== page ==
What I Like Doing

I was talking with a friend Wednesday evening, grumbling a bit about how short life is and how many things I’ll never get to. He asked me, “Well, what do you like doing?” It’s a good question for a rainy Friday, so here’s my list (and the reasons I’m not actually doing the ones I’m not doing):

  1. Writing fiction. I've wanted to be an author ever since I was a little kid, and the three or four times I've been able to arrange my life so that I can really get into it—get two or three half-day sessions every week for months at a time—have been tremendously rewarding. My circumstances haven't permitted that for many years, though, and probably won't for many more years to come; without that feeling of flow, it's actually more frustrating than fun to write.
  2. Explaining things. Teaching and writing non-fiction are almost as rewarding, so I've done a lot of both, and expect to do more. Teaching inside a large, slow-moving institution whose primary focus is something else didn't work out for me, but I'm still hopeful that I can find other avenues. The catch, of course, is that in order for it to be sustainable, someone has to pay me, and I have to find a way to combine it with learning new things myself so that what I'm teaching doesn't go stale.
  3. Programming. I enjoy making something out of nothing, and few shapeable things are as close to nothing as software. On the other hand, I'm slowing down: I don't enjoy the feeling of being lost that I get when I'm faced with Git, Javascript, and other shiny newness. On the other, other hand, it keeps my teaching honest: having taught the web programming course at the University of Toronto a couple of times, I'm finally learning how to actually do it in my job at Side Effects
  4. Playing music. Doesn't pay, and I was never particularly good, but I've always loved it. I've tried to pick up my sax again a couple of times in the last year, but as with writing, I haven't been able to do it steadily enough to satisfy myself. Perhaps when Maddie is a bit older...
  5. Playing games. Whether it's Ultimate frisbee or Homeworld, I like the combination of "with" and "against"—really, I play so that we have something to talk to people about afterward :-). This is a big part of music for me too—I don't enjoy playing on my own nearly as much as playing with people. Time, though... always time...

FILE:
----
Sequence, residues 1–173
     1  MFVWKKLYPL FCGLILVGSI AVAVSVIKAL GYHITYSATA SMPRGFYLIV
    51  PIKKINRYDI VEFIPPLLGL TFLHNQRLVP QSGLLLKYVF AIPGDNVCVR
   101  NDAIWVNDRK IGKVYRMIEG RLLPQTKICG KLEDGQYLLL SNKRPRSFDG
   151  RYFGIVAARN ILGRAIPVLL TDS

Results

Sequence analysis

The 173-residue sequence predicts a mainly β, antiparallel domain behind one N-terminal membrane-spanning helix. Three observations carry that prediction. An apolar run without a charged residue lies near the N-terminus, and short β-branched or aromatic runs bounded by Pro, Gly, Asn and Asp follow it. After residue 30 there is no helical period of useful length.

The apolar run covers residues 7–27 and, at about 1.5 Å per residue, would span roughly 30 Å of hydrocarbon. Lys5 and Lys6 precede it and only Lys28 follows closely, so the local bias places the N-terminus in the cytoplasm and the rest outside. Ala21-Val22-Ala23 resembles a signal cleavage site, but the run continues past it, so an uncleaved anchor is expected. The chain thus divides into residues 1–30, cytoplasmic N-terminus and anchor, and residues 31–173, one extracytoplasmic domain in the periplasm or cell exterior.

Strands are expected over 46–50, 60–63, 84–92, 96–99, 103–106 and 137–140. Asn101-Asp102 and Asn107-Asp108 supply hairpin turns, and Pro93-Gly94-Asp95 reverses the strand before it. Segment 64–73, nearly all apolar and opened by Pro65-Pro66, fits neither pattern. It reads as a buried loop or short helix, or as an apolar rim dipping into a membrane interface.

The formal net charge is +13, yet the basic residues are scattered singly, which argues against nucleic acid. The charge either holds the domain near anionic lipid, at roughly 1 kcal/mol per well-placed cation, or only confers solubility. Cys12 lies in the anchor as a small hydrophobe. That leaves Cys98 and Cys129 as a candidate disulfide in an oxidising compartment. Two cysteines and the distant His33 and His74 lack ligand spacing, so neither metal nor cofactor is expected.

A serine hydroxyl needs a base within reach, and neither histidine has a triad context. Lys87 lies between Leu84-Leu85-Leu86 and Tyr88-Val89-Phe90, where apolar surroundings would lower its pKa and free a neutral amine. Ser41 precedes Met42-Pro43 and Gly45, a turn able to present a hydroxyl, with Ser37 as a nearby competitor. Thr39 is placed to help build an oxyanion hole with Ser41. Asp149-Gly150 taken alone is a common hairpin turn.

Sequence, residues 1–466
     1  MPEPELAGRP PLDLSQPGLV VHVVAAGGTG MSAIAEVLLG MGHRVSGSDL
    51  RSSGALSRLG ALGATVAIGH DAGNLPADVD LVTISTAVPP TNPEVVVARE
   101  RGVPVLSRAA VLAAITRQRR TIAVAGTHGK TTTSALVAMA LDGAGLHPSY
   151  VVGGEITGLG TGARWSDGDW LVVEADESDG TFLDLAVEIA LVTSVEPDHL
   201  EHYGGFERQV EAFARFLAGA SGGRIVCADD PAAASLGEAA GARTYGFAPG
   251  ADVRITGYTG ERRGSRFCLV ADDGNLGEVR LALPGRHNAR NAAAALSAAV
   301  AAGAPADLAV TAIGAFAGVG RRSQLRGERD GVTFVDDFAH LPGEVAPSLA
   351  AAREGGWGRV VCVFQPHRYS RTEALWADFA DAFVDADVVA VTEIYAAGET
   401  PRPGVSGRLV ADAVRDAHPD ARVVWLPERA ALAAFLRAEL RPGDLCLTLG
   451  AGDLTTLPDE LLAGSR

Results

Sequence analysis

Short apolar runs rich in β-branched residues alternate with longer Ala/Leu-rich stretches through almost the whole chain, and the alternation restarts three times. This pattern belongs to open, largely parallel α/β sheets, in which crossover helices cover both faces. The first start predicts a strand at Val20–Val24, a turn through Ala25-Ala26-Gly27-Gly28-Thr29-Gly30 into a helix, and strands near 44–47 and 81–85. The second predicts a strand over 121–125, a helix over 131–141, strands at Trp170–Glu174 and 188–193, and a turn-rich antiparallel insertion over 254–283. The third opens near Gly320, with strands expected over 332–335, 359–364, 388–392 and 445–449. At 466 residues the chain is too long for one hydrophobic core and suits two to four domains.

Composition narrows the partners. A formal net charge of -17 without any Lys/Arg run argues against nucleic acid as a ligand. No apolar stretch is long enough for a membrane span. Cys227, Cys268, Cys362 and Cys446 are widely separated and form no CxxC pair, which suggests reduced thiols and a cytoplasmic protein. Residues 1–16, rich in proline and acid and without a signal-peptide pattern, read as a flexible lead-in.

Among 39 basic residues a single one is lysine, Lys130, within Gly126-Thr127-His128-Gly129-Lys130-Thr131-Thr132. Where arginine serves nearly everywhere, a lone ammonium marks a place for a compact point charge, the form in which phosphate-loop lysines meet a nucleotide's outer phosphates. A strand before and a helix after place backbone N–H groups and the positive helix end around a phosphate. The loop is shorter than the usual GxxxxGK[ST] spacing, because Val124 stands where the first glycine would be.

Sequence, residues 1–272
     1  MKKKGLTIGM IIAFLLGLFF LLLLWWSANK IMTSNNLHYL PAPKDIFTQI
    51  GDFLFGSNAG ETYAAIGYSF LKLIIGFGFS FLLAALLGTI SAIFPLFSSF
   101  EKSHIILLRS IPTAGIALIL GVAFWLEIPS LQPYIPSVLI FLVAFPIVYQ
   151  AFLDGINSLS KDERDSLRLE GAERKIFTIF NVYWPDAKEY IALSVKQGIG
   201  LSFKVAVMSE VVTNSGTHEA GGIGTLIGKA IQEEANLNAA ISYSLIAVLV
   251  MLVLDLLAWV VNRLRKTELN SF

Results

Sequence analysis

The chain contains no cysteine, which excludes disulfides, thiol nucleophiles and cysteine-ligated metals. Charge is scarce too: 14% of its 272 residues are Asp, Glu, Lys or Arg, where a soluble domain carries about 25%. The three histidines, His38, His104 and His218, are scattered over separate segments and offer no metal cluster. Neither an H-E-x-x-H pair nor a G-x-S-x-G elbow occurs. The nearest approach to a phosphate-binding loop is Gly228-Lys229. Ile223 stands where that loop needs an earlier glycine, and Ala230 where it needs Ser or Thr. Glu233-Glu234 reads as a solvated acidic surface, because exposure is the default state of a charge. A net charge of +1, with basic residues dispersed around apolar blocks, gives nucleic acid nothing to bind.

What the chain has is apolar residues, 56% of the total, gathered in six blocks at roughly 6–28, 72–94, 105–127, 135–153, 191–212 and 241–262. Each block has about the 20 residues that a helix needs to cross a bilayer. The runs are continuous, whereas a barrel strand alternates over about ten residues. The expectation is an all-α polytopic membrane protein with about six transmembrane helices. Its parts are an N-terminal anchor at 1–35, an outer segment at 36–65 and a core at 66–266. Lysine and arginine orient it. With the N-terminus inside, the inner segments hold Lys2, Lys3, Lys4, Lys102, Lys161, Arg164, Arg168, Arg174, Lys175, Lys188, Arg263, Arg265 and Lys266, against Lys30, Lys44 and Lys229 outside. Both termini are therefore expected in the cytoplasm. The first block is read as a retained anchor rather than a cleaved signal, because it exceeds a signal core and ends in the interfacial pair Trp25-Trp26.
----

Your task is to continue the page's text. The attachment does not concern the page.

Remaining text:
6. Working out. I was surprised to discover that I actually enjoyed this, back when I had to be in the gym three times a week for physio exercises—I was about as unathletic a kid as you could imagine. At the risk of repeating myself, making time is the obstacle: if it's a choice between an hour with my daughter or an hour pushing weights around, it's no choice at all.

I haven’t listed “spending time with family” or “spending time with friends” because I think they’re too big (or too deep, or too something) to fit into a list like this. They’re the base for everything else, though; as I said last week, we’re all looking for running partners, and I think the reason I’m not making time for writing or music or exercise is that they’d take time away from the two people I love spending time with most. It’s frustrating, like all either/or choices are frustrating, but if publishing another children’s book really was more important to me, I’d be doing that rather than making tea for Sadie when she has a cold or getting the kitchen floor wet doing “experiments” with Madeleine. So yeah, I grumble, but honestly? Given that there are only 24 hours in a day, and that nobody else can do my sleeping for me, I think I’m doing pretty much what I actually want to be doing.

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